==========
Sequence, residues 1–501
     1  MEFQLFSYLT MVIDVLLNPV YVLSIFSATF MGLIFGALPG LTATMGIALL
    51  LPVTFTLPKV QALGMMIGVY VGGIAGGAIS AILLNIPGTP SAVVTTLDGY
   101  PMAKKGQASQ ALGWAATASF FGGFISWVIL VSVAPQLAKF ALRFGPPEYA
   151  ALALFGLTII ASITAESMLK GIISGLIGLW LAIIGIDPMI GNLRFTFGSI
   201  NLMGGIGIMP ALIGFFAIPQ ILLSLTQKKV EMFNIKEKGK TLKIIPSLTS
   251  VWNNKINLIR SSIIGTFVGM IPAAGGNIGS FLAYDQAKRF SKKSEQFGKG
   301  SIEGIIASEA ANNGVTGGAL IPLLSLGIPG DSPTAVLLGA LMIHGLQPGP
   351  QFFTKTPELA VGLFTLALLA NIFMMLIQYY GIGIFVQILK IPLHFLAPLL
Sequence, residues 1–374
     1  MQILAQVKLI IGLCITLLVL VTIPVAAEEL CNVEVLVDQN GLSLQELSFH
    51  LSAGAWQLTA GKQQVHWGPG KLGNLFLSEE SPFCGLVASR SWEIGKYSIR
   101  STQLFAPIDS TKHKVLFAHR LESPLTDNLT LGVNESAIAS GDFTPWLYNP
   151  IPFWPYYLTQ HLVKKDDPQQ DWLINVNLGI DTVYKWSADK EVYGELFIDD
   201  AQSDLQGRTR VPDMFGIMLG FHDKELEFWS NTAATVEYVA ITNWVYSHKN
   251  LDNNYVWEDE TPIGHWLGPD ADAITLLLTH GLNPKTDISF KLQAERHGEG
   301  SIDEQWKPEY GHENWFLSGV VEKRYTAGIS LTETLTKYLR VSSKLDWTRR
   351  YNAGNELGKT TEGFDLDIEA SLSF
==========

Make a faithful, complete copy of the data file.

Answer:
Sequence, residues 1–501
     1  MEFQLFSYLT MVIDVLLNPV YVLSIFSATF MGLIFGALPG LTATMGIALL
    51  LPVTFTLPKV QALGMMIGVY VGGIAGGAIS AILLNIPGTP SAVVTTLDGY
   101  PMAKKGQASQ ALGWAATASF FGGFISWVIL VSVAPQLAKF ALRFGPPEYA
   151  ALALFGLTII ASITAESMLK GIISGLIGLW LAIIGIDPMI GNLRFTFGSI
   201  NLMGGIGIMP ALIGFFAIPQ ILLSLTQKKV EMFNIKEKGK TLKIIPSLTS
   251  VWNNKINLIR SSIIGTFVGM IPAAGGNIGS FLAYDQAKRF SKKSEQFGKG
   301  SIEGIIASEA ANNGVTGGAL IPLLSLGIPG DSPTAVLLGA LMIHGLQPGP
   351  QFFTKTPELA VGLFTLALLA NIFMMLIQYY GIGIFVQILK IPLHFLAPLL
Sequence, residues 1–374
     1  MQILAQVKLI IGLCITLLVL VTIPVAAEEL CNVEVLVDQN GLSLQELSFH
    51  LSAGAWQLTA GKQQVHWGPG KLGNLFLSEE SPFCGLVASR SWEIGKYSIR
   101  STQLFAPIDS TKHKVLFAHR LESPLTDNLT LGVNESAIAS GDFTPWLYNP
   151  IPFWPYYLTQ HLVKKDDPQQ DWLINVNLGI DTVYKWSADK EVYGELFIDD
   201  AQSDLQGRTR VPDMFGIMLG FHDKELEFWS NTAATVEYVA ITNWVYSHKN
   251  LDNNYVWEDE TPIGHWLGPD ADAITLLLTH GLNPKTDISF KLQAERHGEG
   301  SIDEQWKPEY GHENWFLSGV VEKRYTAGIS LTETLTKYLR VSSKLDWTRR
   351  YNAGNELGKT TEGFDLDIEA SLSF